The Kumbh Mela, held every twelve years in Allahabad, India, is a celebration of the universality of the soul, of all the souls of all the creatures, each and every one of them possessed by consciousness and with a valid place in the cosmic order of incarnations. In these dark days in the age of Kali, the remembering Hindus of the world descend on this Place of God where the revered streams of the male Yamuna and the female Ganges merge and become one. Furthermore to remember the notion that singularity emerges from the many tributaries of a river before it becomes one with the sea. The river itself is material and therefore an appropriate metaphor for the materialism that is our life; the solubility of our immaterial soul into the ocean of universal consciousness being the ultimate point of existence, just as the ocean is the ultimate point and destination of a river.
Recently I thought to visit a friend who runs a small and successful cafe catering to the Japanese backpacking crowd, she herself being from that distant archipelago on the fringe of Asia. As usual her place was tidy and without the bothersome flies which can make other cramped quarters comfortless. Playing inconspicuously on her laptop was a deliberately muted film whilst the sound emanating from the speakers was some kind of hypnotic trance music. The music was appropriate for the organised chaos of the Kumbh Mela, the world’s greatest gathering of humanity; all those beating hearts in one place, all motivated by the same peaceful and utopian intent.
The documentary maker’s experience continued to unfold on the screen before the watching eyes of Lisa’s customers and the cinematographer had reached the temporary seat of a Japanese woman who had come to be known to herself and to her followers as, Yogmata Keiko Aikawa. Amid a sea of torsos almost all of which were clad in orange, yellow or red cotton cloth if indeed clad in anything at all, sat the Guru herself, the centre of all their attention as apparently she was the holder of some transcendental spiritual knowledge. She was sat on the skin of a dead leopard, it’s desiccated and dusty head sticking out from between her crossed legs, it’s legs sprawled out, flat and lifeless from underneath her saffron clothed backside.
What purpose did it serve? A cushion? Or was the dead, dry beast perhaps ready to protect her modesty with those fearsome open jaws? Alive it would surely have been more effective in discharging these duties! Had she forgotten that it too, alive, was in possession of a soul, a beating heart and a brain to coordinate thought and action? A karmic entity like herself. Perhaps a mother? Or was it, maybe just a cat. A big, dangerous and ferocious predator that had to be overcome, put in it’s place by the superior human form. The raw power and cunning of the natural world subdued by the God given intellect and ferocity of man. Seems an odd position for a spiritual person to adopt.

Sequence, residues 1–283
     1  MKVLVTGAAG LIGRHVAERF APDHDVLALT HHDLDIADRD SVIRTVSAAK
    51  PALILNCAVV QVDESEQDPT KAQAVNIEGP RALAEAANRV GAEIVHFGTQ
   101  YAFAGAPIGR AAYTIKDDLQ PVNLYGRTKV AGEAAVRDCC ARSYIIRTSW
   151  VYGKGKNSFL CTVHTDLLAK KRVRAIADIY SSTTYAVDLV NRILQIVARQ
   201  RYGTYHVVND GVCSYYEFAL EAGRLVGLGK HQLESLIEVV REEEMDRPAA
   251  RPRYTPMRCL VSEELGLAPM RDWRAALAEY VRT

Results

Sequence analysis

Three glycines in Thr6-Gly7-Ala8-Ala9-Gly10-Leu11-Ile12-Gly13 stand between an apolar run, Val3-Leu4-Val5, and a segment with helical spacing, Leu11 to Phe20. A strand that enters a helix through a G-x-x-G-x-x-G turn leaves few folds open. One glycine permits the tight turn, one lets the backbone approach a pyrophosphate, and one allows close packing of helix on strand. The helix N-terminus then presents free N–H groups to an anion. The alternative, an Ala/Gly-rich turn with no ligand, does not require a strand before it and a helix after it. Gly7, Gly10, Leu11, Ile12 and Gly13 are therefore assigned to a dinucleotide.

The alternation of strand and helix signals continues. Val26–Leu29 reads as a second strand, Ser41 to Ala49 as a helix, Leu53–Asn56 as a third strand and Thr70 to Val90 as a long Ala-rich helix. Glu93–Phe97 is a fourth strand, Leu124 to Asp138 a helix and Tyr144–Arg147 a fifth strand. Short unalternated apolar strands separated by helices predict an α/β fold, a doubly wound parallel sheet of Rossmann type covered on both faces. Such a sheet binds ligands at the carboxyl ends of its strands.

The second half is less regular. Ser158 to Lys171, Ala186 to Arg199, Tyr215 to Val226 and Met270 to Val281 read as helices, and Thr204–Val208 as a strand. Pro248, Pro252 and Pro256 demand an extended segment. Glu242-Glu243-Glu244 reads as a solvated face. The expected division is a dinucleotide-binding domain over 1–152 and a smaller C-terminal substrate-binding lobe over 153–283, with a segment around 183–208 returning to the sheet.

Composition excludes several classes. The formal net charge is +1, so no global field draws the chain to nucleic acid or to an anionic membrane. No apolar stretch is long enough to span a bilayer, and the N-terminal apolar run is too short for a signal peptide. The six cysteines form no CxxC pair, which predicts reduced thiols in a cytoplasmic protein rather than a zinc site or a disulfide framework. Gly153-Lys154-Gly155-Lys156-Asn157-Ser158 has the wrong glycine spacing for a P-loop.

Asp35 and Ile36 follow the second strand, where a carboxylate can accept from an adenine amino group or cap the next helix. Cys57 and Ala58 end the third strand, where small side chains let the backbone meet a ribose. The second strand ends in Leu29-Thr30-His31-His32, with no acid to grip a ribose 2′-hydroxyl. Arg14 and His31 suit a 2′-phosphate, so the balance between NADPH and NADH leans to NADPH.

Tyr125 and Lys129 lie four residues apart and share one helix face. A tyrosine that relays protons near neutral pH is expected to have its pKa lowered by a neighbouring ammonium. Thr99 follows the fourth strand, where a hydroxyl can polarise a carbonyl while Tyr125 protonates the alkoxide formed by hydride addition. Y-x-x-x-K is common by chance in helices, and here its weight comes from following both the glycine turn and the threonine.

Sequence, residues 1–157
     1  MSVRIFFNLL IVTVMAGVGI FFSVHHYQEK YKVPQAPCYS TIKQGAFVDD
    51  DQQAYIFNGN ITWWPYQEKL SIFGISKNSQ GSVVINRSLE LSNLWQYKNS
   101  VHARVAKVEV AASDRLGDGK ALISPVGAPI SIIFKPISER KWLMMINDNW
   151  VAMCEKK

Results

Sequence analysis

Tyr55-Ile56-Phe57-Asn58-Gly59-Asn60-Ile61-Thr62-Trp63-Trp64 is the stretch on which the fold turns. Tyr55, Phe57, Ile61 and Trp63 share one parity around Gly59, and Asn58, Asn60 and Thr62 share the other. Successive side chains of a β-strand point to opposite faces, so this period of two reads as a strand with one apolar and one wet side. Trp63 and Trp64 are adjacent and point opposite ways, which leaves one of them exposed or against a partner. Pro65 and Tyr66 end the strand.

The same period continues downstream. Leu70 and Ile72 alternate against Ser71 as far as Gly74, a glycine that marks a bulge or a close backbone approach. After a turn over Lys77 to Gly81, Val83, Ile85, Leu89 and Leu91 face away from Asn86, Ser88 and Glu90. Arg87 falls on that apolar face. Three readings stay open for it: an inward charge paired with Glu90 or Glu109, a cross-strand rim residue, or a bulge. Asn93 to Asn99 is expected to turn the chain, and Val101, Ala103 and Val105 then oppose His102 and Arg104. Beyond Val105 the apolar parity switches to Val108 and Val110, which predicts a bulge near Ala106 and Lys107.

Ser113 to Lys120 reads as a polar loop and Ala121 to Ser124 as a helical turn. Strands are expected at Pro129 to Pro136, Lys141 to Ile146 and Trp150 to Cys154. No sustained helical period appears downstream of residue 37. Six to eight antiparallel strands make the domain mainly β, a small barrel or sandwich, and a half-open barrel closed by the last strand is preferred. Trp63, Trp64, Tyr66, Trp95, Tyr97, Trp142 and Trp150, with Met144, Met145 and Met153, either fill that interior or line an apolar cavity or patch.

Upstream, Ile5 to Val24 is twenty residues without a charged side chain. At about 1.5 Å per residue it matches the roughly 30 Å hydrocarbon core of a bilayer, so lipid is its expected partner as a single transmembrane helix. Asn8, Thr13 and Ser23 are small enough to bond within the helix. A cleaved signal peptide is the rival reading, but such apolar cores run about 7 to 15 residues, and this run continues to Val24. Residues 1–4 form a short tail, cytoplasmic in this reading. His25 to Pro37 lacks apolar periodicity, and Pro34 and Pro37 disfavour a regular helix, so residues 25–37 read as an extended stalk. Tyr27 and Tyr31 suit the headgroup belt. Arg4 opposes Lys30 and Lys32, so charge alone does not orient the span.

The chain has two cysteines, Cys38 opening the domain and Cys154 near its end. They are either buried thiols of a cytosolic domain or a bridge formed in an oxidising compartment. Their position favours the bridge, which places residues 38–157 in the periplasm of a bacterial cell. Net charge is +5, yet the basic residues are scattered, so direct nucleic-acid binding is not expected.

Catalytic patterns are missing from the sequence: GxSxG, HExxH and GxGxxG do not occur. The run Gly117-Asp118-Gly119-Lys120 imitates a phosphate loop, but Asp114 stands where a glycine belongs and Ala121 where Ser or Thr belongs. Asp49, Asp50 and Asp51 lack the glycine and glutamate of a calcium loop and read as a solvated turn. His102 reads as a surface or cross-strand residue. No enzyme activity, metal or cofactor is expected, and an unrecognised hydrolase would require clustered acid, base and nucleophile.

There is never a day that passes by entirely that I don’t think of my sepia striped jungle cat, Axio. He spends almost all of the hours of his life roaming in the high altitude mixed woodland of Himachal Pradesh, surviving as cats do in their natural environment. When he visits the verandah of his birth his coat is thick and shaggy, like the snow leopard found in the valleys and on the ridges of neighbouring ranges. Strong, muscular, healthy limbs. Teeth gleaming white. His days of bringing prey to the house have long gone and his visits are brief, as well as being few and far between. On one occasion he revealed another side to his nature, the reality of the true depth of his character.
On one moonless night, whose darkness had been compounded by the supply of electricity failing to reach the streetlights that were screwed haphazardly into the concrete walls that lined both sides of a tight alley, my black cat overcame his territorial limitations and joined me – far from the safety of our home. I had been reluctantly but necessarily on my way to confront the keeper of a small shop, involving a private matter that had come to sour our acquaintanceship. It was not that much farther to the step of his premises when Axio appeared from the blackness and leapt onto a small ledge that protruded from the wall rising on my left, and up onto my shoulder. Axio the cat seemed to understand the concept that families stick together in troubled times and that he was a member of mine and me of his. He also seemed to be aware of the nature of timing, choosing the last possible moment to make his leap. Any later and without any shadow of a doubt, the small pack of hungry village dogs that gathered to sleep at one end of the alleyway would have sensed a meal and charged at him, salivating.
When I appeared at the shop’s door with a black cat sitting on my shoulder the argument was settled. The majesty, beauty, dynamism and imagination of the cat is best demonstrated during it’s lifetime spent as one, not as a cushion for a pompous ass.
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